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  • GLD Bearish As Greece Kowtows To The European Commission  [View article]
    Greece actually matters a lot. Look up something called Target 2 balances (which do not show up as debt). You will find that Greece owes the Bundesbank (Germany's central bank) another 600 billion euros in balance of payments deficits.
    Feb 28, 2015. 10:36 AM | 1 Like Like |Link to Comment
  • GLD Bearish As Greece Kowtows To The European Commission  [View article]
    Extend and pretend is all that we have so far and it is hard to see how that can be bullish for either Greece or Europe. Anybody who thinks that Greece will ever be able to repay its indebtedness is smoking stuff that is not generally available legally. And that indebtedness does not include the T2 balances held by Germany.
    Some time has been bought, but it is not clear to what end. In four months Greece cannot show much progress. So far, since the beginning of the crisis all Greece has been able to do is to increase its debt (as has the entire EU).

    As a separate matter, I would note that deflation would be good for gold. Why? Because deflation bankrupts debtors and bankrupt debtors will bring down the financial system as we know it.
    Feb 27, 2015. 05:42 PM | 4 Likes Like |Link to Comment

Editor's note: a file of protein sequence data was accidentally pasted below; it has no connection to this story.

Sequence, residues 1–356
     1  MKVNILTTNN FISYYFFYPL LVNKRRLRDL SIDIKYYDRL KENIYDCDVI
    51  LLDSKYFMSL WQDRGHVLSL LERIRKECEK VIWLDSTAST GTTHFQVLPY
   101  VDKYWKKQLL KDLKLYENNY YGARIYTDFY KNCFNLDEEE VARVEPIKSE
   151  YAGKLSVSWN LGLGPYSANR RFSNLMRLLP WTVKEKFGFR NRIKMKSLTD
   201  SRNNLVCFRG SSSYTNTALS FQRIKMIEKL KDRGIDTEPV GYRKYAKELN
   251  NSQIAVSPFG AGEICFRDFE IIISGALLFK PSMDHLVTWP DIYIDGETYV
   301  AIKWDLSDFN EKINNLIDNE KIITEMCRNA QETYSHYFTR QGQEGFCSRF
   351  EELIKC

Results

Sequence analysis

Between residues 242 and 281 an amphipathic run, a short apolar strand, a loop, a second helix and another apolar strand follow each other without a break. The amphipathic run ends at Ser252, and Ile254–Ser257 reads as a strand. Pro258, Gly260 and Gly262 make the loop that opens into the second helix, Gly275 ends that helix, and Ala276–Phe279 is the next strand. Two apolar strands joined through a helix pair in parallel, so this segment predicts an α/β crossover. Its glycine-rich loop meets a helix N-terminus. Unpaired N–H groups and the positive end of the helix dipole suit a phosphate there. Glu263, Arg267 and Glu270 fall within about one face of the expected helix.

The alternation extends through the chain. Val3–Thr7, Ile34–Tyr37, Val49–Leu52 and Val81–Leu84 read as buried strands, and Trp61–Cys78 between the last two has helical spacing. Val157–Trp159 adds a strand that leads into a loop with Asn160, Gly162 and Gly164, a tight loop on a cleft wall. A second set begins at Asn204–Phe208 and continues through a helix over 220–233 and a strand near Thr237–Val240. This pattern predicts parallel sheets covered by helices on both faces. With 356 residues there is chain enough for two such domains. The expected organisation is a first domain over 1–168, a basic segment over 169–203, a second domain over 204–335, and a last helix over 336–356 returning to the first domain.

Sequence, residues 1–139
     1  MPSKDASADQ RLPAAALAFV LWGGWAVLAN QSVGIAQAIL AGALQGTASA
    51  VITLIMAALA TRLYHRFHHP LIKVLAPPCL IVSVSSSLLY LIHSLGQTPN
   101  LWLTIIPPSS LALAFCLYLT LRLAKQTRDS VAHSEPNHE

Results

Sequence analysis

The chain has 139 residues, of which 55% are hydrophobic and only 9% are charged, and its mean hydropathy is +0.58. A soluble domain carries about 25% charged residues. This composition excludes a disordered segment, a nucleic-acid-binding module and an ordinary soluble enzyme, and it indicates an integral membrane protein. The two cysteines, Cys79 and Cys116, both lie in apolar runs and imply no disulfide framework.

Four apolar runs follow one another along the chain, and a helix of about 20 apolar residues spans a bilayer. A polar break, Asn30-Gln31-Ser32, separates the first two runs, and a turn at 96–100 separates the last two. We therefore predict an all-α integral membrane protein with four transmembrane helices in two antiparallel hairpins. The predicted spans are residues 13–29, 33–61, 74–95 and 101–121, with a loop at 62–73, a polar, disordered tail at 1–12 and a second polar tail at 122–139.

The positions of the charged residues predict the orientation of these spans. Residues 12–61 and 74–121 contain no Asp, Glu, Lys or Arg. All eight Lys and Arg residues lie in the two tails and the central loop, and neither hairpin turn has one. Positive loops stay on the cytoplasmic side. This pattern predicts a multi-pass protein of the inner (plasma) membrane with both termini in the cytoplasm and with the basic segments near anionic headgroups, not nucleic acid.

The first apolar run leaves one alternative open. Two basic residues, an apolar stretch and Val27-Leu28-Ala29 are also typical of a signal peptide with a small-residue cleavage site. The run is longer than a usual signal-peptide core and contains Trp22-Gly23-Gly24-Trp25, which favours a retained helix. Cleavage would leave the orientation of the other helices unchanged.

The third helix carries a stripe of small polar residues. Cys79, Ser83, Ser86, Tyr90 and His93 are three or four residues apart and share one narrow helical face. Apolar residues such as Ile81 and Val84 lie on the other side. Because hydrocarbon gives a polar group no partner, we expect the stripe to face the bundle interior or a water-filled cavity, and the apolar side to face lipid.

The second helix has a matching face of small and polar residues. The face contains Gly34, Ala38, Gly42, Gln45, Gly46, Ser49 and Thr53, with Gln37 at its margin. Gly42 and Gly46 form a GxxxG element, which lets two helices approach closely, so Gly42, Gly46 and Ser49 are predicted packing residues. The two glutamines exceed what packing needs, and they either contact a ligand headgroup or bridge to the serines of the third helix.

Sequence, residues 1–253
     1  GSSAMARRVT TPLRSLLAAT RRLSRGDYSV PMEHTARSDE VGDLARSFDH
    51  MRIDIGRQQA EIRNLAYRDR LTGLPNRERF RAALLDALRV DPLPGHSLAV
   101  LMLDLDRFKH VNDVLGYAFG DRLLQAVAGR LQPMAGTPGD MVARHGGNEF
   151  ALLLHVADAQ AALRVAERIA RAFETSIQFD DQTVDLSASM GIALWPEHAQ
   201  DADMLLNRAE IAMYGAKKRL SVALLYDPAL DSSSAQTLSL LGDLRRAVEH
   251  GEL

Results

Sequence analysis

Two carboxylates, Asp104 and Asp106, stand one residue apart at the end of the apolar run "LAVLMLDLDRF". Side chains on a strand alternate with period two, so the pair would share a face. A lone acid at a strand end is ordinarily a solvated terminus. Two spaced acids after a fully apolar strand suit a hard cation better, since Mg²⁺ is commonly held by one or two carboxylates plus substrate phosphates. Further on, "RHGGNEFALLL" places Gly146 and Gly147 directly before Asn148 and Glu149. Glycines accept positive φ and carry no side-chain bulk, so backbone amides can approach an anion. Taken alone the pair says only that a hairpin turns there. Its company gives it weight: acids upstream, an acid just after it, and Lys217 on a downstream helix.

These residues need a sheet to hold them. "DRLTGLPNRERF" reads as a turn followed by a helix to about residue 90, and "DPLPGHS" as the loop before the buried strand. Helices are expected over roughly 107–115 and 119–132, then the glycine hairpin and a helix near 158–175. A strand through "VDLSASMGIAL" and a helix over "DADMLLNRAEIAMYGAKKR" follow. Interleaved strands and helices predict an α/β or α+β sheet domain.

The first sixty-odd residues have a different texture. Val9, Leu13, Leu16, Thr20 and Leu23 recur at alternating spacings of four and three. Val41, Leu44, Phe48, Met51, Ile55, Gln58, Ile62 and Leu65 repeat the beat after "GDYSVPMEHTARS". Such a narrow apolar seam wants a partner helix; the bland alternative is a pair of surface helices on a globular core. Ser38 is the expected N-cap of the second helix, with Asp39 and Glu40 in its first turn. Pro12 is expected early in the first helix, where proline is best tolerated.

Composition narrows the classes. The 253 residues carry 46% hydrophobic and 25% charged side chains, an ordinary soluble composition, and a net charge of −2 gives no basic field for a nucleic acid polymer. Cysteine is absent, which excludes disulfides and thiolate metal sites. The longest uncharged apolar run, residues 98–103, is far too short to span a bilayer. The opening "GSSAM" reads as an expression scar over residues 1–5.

• FOMC Deflation Interpretation Drives GLD Down  [View article]
    You say that "Gold... serves as a hedge against inflation and instability" and I agree. When the worldwide debt bubble bursts, I can assure you that you will have a severe dose of instability. One of the things that could burst the bubble is rising interest rates. The problem is that most of the developed world - not to mention the less developed world - is struggling to service their debts at current interest rates.
    Defaulting debt will bring down the banks and as debt becomes suspect, gold will be the only remaining (liquid) safe haven.
    Feb 25, 2015. 04:48 PM | Likes Like |Link to Comment
  • Gold Slides As The Greenback Climbs  [View article]
    I usually stop reading when I read that gold has no intrinsic value because that is simply not true. What is true is that it does not provide a stream of income, but you do not need to have a stream of income to have value, intrinsic or otherwise.
    Furthermore, gold is traded in a world market and simply looking at its value in dollars doesn't tell you much. If you look around the world there are a great many currencies in which it has been a most profitable investment. In addition, the Central Banks are increasing their gold holdings, suggesting that they see some intrinsic value in gold. Bottom line, Gold shines brightest when the value of paper obligations become suspect.